Heh I was ready to be like "OMG Yes!" Sorry the grad school homework is slowly grinding me down. Not that it is any considalation, but I was just reminising about my relatively carefree elementary school days of homework. I really should get off the board and go finish the 5 problem homework set. At least this one isn't that bad. I have only spent about 10 hours on it so far.
On a more on topic note:
*Hugs* I know it stinks being the grown up, but you should know that you are doing the right things. I definately second hannahsinlove's idea about talking to some skaters. They may not seem like it to many people, but I have known a bunch of really smart and studious skaters. You might want to do it when not with your son though, just to play it safe. Good luck!
September 30th, 2004, 11:10 AM
Just a thought that I heard and kinda liked (very loosely quoting from Cynthia Tobias here):
What's the point? Is the point that you want him to do his homework, or is the point that he has to do it the minute he gets home from school? Would anybody burn if the kid got to go out and play (or stay in and play) for an hour, THEN did the homework? Is the point that he do the homework AT the kitchen table, or can he do it in his room laying on the floor with his feet up in the air? Is the point that he have total SILENCE while doing it, or can he have some music playing in the background? Some people function better on their own terms than on "the norm". Try to put a certain person in total quiet AT the kitchen table, and they'll be daydreaming and hating life the whole time. But if you put them IN their room, laying on the floor with books strewn about them and some music in the background, they get it done.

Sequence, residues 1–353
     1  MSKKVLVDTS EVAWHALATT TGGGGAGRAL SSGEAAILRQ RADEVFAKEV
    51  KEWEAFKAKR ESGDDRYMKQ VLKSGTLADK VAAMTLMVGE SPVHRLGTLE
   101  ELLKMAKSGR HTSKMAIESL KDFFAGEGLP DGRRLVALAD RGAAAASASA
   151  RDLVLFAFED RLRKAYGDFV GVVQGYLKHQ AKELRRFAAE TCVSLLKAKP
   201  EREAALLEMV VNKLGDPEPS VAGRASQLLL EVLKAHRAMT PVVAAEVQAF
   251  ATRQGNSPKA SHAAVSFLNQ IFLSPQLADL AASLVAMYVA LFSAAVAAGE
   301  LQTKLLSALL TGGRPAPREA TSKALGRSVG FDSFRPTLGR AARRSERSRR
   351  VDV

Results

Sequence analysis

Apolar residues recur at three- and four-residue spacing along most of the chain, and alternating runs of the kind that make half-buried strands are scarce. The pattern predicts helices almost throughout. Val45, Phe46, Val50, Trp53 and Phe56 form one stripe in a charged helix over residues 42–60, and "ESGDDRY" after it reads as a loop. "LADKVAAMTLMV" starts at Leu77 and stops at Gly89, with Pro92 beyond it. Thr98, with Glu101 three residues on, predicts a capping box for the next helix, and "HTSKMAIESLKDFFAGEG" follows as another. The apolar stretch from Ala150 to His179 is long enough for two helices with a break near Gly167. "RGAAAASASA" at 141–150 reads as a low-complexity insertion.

What Cynthia suggested was this: Give him some options like I mentioned above. Tell him that he can do that for two weeks and if (at the end of that two-week period) his productivity isn't BETTER, we go back to "the old school of thought" where he does it upon arriving home and does it where I deem it should be done. I'll betchya a buck that the first few days he's gonna slide WAY backwards and you'll think "What on EARTH have I done?" but then he'll realize that he's getting a sweet deal and pick up on things and begin working like he ought.
As for the Pro Skateboarder argument: Tony Hawk is no slouch; he's got a degree (at least a diploma from HighSchool) You have to be able to get a JOB so you can pay for those skateboards and pads and helmets, if nothing else. Whatever your hobbies/goals/aspirations, it's a sad fact of life that we must earn money to LIVE. Chances of him finding a "sugar-mommy" (like Sugar-Daddy) to support him in his fancies are prit-ty darn slim.
Hope this is of some help. Fourth graders aren't generally gonna give a rat's banana about "grown up things" like getting a good education and things that are more than 2 years in the future. If he sees you giving a little, meeting him halfway, he just may do a little better.